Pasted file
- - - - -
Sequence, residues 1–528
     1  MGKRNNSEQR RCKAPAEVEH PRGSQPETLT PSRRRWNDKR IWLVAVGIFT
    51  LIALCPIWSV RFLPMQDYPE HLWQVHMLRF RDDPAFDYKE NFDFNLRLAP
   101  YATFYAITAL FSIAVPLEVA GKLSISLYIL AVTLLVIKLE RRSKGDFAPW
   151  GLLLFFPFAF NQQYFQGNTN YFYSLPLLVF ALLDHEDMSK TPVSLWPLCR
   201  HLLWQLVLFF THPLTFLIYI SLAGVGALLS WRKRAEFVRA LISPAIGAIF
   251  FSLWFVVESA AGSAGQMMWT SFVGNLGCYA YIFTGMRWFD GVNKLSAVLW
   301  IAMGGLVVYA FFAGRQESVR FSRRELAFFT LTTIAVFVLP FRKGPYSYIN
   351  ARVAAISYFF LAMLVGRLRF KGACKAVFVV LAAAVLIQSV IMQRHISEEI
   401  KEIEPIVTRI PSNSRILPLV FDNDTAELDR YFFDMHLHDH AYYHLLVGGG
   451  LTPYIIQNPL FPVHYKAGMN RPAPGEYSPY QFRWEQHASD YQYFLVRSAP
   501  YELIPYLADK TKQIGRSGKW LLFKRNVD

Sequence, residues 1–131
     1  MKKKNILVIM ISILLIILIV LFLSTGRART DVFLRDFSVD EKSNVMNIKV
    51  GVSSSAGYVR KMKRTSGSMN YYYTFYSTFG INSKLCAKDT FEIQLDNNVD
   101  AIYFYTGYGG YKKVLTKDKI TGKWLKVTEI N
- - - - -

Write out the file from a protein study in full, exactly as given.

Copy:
Sequence, residues 1–528
     1  MGKRNNSEQR RCKAPAEVEH PRGSQPETLT PSRRRWNDKR IWLVAVGIFT
    51  LIALCPIWSV RFLPMQDYPE HLWQVHMLRF RDDPAFDYKE NFDFNLRLAP
   101  YATFYAITAL FSIAVPLEVA GKLSISLYIL AVTLLVIKLE RRSKGDFAPW
   151  GLLLFFPFAF NQQYFQGNTN YFYSLPLLVF ALLDHEDMSK TPVSLWPLCR
   201  HLLWQLVLFF THPLTFLIYI SLAGVGALLS WRKRAEFVRA LISPAIGAIF
   251  FSLWFVVESA AGSAGQMMWT SFVGNLGCYA YIFTGMRWFD GVNKLSAVLW
   301  IAMGGLVVYA FFAGRQESVR FSRRELAFFT LTTIAVFVLP FRKGPYSYIN
   351  ARVAAISYFF LAMLVGRLRF KGACKAVFVV LAAAVLIQSV IMQRHISEEI
   401  KEIEPIVTRI PSNSRILPLV FDNDTAELDR YFFDMHLHDH AYYHLLVGGG
   451  LTPYIIQNPL FPVHYKAGMN RPAPGEYSPY QFRWEQHASD YQYFLVRSAP
   501  YELIPYLADK TKQIGRSGKW LLFKRNVD

Sequence, residues 1–131
     1  MKKKNILVIM ISILLIILIV LFLSTGRART DVFLRDFSVD EKSNVMNIKV
    51  GVSSSAGYVR KMKRTSGSMN YYYTFYSTFG INSKLCAKDT FEIQLDNNVD
   101  AIYFYTGYGG YKKVLTKDKI TGKWLKVTEI N